Preschools give up premises, go online
Preschools in the city are letting go of their premises that are mostly on rent and focussing more on online classes in a bid to survive the Covid pandemic.
A preschool chain in Bengal has retained only 23 of the 80-odd school properties it had before the pandemic. Another preschool chain has left one and is planning to leave another soon. A preschool with four branches in the city has already released one. Another in Salt Lake has shut down its premises and said it would start “afresh”.
Most of the preschools are on rented premises. With no in-person classes taking place and the number of new admissions going down drastically, these schools are finding it difficult to retain the spaces.
The schools are concentrating on online classes but a proprietor said it was not easy to get students for “online classes”. “Before the pandemic, we had 800 students across four branches, 500 left after getting admitted to high schools. Of the 300, not everyone was
willing to attend online classes. Now, after the fresh session in high schools start, more than 200 would go and we would have to get a fresh batch of students,” said Neelakshi Shukla, the proprietor and principal of Beginners Montessori House, which is in its 25th year.
Beginners had to release one of its premises. Young Learners had to let go of its Salt Lake premises. “We are concentrating largely on online classes and once we get the go ahead we can start afresh from a new campus,” said principal Sangeeta Sureka.
Rent is not the only expense. There are other overhead costs incured on electricity, maintenance and infrastructure. Rent, however, takes the lion’s share, said one school head. Most preschools are located in areas where real estate is expensive.
“We were spending more than Rs 25 lakh on rent. After letting go of several premises we have been able to save. We have to survive,” said Tamal Mukherjee, the founder-director, Little Laureates.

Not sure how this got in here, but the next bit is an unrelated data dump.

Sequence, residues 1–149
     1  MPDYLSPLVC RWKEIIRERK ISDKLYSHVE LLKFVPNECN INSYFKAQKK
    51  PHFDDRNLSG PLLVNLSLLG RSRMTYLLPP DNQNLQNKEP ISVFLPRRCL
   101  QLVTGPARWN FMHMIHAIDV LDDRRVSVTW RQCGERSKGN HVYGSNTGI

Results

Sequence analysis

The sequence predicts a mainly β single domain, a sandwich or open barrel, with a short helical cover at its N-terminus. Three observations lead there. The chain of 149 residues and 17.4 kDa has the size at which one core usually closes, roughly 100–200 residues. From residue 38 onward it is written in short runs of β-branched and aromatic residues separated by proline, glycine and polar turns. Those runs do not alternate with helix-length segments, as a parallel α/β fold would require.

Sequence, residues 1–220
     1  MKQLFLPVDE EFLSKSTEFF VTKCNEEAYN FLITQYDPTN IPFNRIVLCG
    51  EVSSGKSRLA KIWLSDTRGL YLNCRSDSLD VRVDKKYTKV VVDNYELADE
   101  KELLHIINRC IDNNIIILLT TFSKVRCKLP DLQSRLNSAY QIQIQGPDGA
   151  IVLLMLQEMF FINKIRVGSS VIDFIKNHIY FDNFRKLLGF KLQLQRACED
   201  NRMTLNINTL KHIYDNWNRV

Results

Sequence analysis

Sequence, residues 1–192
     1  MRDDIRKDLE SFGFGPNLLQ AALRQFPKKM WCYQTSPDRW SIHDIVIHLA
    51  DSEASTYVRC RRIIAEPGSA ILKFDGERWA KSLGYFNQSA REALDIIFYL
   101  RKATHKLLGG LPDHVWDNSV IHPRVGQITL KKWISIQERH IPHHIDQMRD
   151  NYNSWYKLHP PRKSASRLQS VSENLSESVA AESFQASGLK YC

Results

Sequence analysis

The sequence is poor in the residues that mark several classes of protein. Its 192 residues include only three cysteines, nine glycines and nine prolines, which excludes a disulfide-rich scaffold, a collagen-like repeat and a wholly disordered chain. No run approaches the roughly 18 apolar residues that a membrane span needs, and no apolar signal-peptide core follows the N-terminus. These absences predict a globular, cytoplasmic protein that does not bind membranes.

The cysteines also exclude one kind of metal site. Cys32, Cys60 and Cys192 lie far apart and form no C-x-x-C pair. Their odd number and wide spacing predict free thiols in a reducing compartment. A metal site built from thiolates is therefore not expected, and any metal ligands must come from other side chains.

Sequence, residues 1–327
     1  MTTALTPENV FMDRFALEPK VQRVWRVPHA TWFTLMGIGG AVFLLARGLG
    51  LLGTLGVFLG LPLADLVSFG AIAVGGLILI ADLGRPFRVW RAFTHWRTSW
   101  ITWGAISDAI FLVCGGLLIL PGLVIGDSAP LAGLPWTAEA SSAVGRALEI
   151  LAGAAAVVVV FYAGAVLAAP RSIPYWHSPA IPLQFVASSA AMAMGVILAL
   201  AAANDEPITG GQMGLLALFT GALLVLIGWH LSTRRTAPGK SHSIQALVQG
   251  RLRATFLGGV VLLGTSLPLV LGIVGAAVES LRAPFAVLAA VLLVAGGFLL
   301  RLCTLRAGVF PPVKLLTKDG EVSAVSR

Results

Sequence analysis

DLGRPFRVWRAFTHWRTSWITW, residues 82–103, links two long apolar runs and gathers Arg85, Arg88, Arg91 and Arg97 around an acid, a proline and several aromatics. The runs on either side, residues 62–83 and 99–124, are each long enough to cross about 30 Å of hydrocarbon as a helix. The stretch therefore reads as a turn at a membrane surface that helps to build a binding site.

The chain of preschool has developed a digital platform for children in the age group of 2.6 to 6 years.The platform has separate log in for parents, teachers and students. “It has a facility where all live classes will be recorded for parents to access at their convenience,” Mukherjee said.
Most of the preschools are trying to convince parents how the children can achieve milestones, all through online classes.
“Online education is here to stay and we are trying to convince parents that we are not teaching them only language or numbers, we are also trying to connect with their children socially and at an emotional level,” said Nabonita Bose Mukherjee, the principal and owner of Bubble Blue Montessori.
Pooja Dugar, the director of Leap Years Preschool, said that though they had retained their space, they had shifted the focus from “physical class to online class”. But they are also trying to figure out how to generate revenue from the space.
Many parents are unwilling to admit their children even to high school because of the uncertainty as to when they can attend in-person classes. “In a preschool, the class size is much smaller even in the online mode,” said Bose Mukherjee.
Under the changed circumstances, the preschools have also become more flexible. They have kept multiple class timings, so that parents can choose according to their convenience.
For example Little Laureates will have four batches — 9am, 11am, 5 pm and 7pm. At Bubble Blue also there are four class timings, including one in the evening. Shukla said that they are also giving demo classes to parents.
“Children are enjoying the classes. They look forward to it. The task of teaching is much more difficult in online mode because there are that many eyes looking at you which also includes the mothers,” she said.